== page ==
Soon we’ll see the same thing being done, but it will be four times more effective. Roofs will never get too hot again. Anyone with a large roof is going to see a sharp decrease in their energy bills.

3. Low-E Windows Taking Over

It’s a mystery why these aren’t already extremely popular, but things are starting to change. Read low-E window replacement reviews and you’ll see everyone loves them because they’re extremely effective.

They’ll keep heat outside in summer or inside in winter. People don’t even have to buy new windows to enjoy the technology. All they’ll need is a low-E film to place over their current ones.

4. Magnets Will Cool Fridges

Refrigerators haven’t changed much in a very long time. They’re still using a vapor compression process that wastes energy while harming the environment. It won’t be long until they’ll be cooled using magnets instead.

The magnetocaloric effect is going to revolutionize cold food storage. The fluid these fridges are going to use will be water-based, which means the environment can rest easy and energy bills will drop.

5. Improving Our Current LEDs

Everyone who spent a lot of money on energy must have been very happy when LEDs became mainstream. Incandescent light bulbs belong in museums today because the new tech cut costs by up to 85 percent.

That doesn’t mean someone isn’t always trying to improve on an already great invention. The amount of lumens LEDs produce per watt isn’t great, but we’ve already found a way to increase it by 25 percent.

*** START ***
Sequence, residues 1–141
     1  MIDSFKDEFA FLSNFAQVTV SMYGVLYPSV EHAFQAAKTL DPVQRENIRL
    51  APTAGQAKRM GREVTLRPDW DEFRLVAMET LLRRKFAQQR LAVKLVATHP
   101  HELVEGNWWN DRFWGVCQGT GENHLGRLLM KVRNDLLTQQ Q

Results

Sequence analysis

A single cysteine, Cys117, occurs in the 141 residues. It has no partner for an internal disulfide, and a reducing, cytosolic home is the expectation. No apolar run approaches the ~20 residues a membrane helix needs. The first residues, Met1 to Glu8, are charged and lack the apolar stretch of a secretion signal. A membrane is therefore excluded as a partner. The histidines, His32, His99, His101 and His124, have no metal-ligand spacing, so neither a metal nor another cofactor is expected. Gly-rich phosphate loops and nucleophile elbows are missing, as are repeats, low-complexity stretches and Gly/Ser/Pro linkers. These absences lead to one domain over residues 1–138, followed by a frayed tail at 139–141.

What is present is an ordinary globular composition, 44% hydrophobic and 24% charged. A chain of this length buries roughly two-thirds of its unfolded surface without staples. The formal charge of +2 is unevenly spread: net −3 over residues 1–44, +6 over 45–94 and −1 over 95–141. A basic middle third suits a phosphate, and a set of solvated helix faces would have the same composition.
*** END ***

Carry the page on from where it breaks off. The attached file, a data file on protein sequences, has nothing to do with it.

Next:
Maybe Homes Will Look Different Too

Do you think we’ll come up with new styles of homes that will take off? Surely it’s not out of the question. Everything inside homes seems to be changing for the better with each passing year. It’s going to continue doing so thanks to amazing inventors.

ShutterStock – Stock photo ID: 613912244

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Economy

IEMA Urge Government’s Industrial Strategy Skills Overhaul To Adopt A “Long View Approach”

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IEMA, in response to the launch of the Government’s Industrial Strategy Green Paper, have welcomed the focus on technical skills and education to boost “competence and capability” of tomorrow’s workforce.

Policy experts at the world’s leading professional association of Environment and Sustainability professionals has today welcomed Prime Minister Teresa May’s confirmation that an overhaul of technical education and skills will form a central part of the Plan for Britain – but warns the strategy must be one for the long term.

Martin Baxter, Chief Policy Advisor at IEMA said this morning that the approach and predicted investment in building a stronger technical skills portfolio to boost the UK’s productivity and economic resilience is positive, and presents an opportunity to drive the UK’s skills profile and commitment to sustainability outside of the EU.

Commenting on the launch of the Government’s Industrial Strategy Green Paper, Baxter said today:

“Government must use the Industrial Strategy as an opportunity to accelerate the UK’s transition to a low-carbon, resource efficient economy – one that is flexible and agile and which gives a progressive outlook for the UK’s future outside the EU.

We welcome the focus on skills and education, as it is vital that tomorrow’s workforce has the competence and capability to innovate and compete globally in high-value manufacturing and leading technology.

There is a real opportunity with the Industrial Strategy, and forthcoming 25 year Environment Plan and Carbon Emissions Reduction Plan, to set long-term economic and environmental outcomes which set the conditions to unlock investment, enhance natural capital and provide employment and export opportunities for UK business.

We will ensure that the Environment and Sustainability profession makes a positive contribution in responding to the Green Paper.”